Feeling Badly About the Election Results? Check Out Minnesota

November 20, 2016

We do not yet know who will serve as Secretary of Education in Donald Trump’s administration, but the rumor mill is spinning with names sure to cause consternation for public school proponents everywhere. 

CNN’s shortlist of candidates for the top federal education job includes infamous education reform advocate Michelle Rhee, along with controversial New York City charter school magnate Eva Moskowitz. Former Trump rival Ben Carson was also briefly on this list. Progressive groups have argued that Carson should not be considered for the job partly because he has “railed against the theory of evolution” and categorized the push for LGBT rights as a “Marxist plot.”

But in Minnesota, education activists have reason to feel hopeful. 

Minneapolis students protest Trump, Dakota Access Pipeline

Minneapolis students protest Trump, Dakota Access Pipeline

In late October, a judge dismissed a case brought against Minnesota’s teacher tenure and seniority layoff rules, saying the suit had “failed to establish a link between low academic achievement and the due process provided by the tenure laws.” The suit was part of former journalist Campbell Brown’s attempts, through a mysteriously funded group called Partnership for Educational Justice, to launch campaigns against teacher tenure rules in several states. Called a “conservative legal group” by the online watchdog outlet, Media Matters, the Partnership is described as part of an “education reform echo chamber,” where a small group of very wealthy funders—including Brown—continually promote a pro-business, pro-privatization agenda.

In 2014, Brown’s Partnership group filed a lawsuit against things such as “quality-blind teacher layoffs” in New York. That suit remains unresolved. (Reinforcing claims of an education reform echo chamber, Brown is also the money and vision behind an online education news site, the 74million.org, that reports on the cases the Partnership group brings forth.)

In April, 2016, the Partnership spread its campaign to Minnesota, claiming that the state’s tenure laws provide teachers with “lifetime job protection after only three years,” and that such protections deny students equal access to “highly effective” teachers. The lawsuit collapsed under its own weight, as state education officials immediately pushed back on the idea that tenure means teachers can’t be fired (they can, but with due process protections in place).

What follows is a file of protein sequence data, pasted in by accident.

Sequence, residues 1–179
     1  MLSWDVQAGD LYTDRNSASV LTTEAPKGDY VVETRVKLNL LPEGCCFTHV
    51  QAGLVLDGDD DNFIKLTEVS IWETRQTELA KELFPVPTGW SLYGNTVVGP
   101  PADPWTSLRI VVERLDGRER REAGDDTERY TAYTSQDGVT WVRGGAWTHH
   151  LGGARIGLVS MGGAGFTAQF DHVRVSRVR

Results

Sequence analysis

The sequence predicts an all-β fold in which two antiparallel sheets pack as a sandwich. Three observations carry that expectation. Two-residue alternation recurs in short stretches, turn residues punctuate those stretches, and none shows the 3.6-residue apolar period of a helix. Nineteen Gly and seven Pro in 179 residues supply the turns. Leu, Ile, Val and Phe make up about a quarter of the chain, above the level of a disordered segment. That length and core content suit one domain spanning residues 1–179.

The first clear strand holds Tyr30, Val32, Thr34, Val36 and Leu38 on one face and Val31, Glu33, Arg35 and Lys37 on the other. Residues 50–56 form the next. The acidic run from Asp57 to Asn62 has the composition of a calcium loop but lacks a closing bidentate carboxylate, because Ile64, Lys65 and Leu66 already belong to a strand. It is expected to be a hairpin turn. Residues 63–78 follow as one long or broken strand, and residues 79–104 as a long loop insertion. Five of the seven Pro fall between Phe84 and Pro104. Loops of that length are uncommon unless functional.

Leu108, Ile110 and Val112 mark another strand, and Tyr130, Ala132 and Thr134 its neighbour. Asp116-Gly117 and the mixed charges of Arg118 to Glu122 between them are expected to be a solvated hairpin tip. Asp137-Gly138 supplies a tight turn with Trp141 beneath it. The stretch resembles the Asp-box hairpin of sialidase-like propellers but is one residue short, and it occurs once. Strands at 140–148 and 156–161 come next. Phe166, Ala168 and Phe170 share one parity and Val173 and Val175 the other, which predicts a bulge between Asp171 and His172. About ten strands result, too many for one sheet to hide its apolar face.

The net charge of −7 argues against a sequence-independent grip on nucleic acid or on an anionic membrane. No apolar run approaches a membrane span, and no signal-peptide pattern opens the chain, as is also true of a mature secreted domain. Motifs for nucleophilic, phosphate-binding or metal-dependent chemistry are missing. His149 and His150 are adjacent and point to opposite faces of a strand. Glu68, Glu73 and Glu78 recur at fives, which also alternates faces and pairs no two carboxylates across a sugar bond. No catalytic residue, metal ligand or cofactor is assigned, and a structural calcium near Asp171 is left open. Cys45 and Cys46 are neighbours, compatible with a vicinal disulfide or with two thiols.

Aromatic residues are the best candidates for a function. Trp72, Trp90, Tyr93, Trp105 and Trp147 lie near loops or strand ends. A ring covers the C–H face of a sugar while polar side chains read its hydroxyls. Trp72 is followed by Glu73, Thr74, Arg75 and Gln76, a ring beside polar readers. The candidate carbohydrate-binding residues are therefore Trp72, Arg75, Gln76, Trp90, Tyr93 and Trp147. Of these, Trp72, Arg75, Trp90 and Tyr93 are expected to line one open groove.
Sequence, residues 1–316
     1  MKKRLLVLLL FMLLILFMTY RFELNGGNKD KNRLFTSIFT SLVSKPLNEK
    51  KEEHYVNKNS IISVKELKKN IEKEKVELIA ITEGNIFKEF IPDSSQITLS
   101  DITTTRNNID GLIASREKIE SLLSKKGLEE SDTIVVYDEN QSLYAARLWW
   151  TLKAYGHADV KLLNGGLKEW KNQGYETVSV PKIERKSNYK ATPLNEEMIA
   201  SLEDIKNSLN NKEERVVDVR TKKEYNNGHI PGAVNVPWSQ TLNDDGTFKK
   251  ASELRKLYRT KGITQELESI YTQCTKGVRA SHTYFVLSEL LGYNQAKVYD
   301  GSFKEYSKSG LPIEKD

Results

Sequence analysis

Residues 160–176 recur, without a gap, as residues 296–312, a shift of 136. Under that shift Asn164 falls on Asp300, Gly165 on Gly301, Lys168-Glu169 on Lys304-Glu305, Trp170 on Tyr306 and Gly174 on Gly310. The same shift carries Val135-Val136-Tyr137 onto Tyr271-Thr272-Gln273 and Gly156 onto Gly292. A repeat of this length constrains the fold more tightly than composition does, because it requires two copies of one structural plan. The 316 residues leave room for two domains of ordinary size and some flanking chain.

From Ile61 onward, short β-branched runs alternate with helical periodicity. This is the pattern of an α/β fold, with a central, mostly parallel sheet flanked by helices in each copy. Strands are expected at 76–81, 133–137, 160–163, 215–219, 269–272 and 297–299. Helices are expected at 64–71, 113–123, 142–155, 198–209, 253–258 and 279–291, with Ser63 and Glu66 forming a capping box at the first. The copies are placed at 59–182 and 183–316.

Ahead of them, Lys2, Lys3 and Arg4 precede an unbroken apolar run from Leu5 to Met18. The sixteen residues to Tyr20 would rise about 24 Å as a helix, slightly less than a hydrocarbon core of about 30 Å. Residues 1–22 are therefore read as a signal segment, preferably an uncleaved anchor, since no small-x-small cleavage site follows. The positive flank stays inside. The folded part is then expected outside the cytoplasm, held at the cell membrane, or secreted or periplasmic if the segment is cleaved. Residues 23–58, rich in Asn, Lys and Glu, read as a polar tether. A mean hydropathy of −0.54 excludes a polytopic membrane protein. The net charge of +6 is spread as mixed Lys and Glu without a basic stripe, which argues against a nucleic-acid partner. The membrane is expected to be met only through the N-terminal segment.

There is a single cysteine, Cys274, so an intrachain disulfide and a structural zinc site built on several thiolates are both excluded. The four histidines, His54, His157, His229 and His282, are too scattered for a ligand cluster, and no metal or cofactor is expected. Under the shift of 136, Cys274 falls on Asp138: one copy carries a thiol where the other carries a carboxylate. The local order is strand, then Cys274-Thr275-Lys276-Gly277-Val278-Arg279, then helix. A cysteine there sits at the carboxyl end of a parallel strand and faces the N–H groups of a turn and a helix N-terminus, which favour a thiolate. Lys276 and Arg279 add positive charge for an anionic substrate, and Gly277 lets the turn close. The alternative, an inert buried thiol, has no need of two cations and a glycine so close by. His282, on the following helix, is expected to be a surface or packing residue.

Another sticking point? Minnesota, like many states, is grappling with a serious teacher shortage, undercutting the lawsuit’s claim that the most “effective” teachers are continually being given pink slips. Further, the state of Minnesota’s motion to dismiss the case, filed in July, 2016, noted that the plaintiffs failed to show that eliminating tenure would somehow give rise to an exceptional education system. How do we know this? Just look at Minnesota’s charter schools, the motion advised. Most teachers working in charter schools are non-unionized, and lack tenure, yet charters are “disproportionately represented” among Minnesota’s lowest performing schools. Jesse Stewart, a lawyer for the plaintiffs, promised an appeal.

Just days after the lawsuit was dismissed, the November 8 election took place. Four seats were open on the Minneapolis school board, and a slate of union-endorsed candidates pushed through to victory, beating back two incumbents. One of the incumbents, Josh Reimnitz, is a Teach for America alum who was first elected to the city’s school board in 2012, riding a wave of outside reform money. Back then, Reimnitz’s campaign was buoyed by close to $40,000 in donations. By 2014, that amount seemed like it came from a kid’s piggy bank fund, as local education reform interests raised over $275,000 in campaign funds from sources such as former New York mayor, Michael Bloomberg.